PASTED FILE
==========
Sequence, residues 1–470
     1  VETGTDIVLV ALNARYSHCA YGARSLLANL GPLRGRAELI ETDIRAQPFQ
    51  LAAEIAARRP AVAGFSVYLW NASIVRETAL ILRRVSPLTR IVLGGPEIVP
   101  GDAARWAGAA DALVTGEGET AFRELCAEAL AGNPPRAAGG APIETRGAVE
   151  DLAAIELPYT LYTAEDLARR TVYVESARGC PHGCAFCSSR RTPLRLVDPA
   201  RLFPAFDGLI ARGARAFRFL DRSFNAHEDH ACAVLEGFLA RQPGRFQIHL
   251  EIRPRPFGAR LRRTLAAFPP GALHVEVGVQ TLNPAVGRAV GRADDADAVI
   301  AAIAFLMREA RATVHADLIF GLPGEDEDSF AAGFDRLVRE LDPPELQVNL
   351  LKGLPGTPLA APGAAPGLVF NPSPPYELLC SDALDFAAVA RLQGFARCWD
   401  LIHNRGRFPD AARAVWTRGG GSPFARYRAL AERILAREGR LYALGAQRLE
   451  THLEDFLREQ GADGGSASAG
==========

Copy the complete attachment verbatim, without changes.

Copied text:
Sequence, residues 1–470
     1  VETGTDIVLV ALNARYSHCA YGARSLLANL GPLRGRAELI ETDIRAQPFQ
    51  LAAEIAARRP AVAGFSVYLW NASIVRETAL ILRRVSPLTR IVLGGPEIVP
   101  GDAARWAGAA DALVTGEGET AFRELCAEAL AGNPPRAAGG APIETRGAVE
   151  DLAAIELPYT LYTAEDLARR TVYVESARGC PHGCAFCSSR RTPLRLVDPA
   201  RLFPAFDGLI ARGARAFRFL DRSFNAHEDH ACAVLEGFLA RQPGRFQIHL
   251  EIRPRPFGAR LRRTLAAFPP GALHVEVGVQ TLNPAVGRAV GRADDADAVI
   301  AAIAFLMREA RATVHADLIF GLPGEDEDSF AAGFDRLVRE LDPPELQVNL
   351  LKGLPGTPLA APGAAPGLVF NPSPPYELLC SDALDFAAVA RLQGFARCWD
   401  LIHNRGRFPD AARAVWTRGG GSPFARYRAL AERILAREGR LYALGAQRLE
   451  THLEDFLREQ GADGGSASAG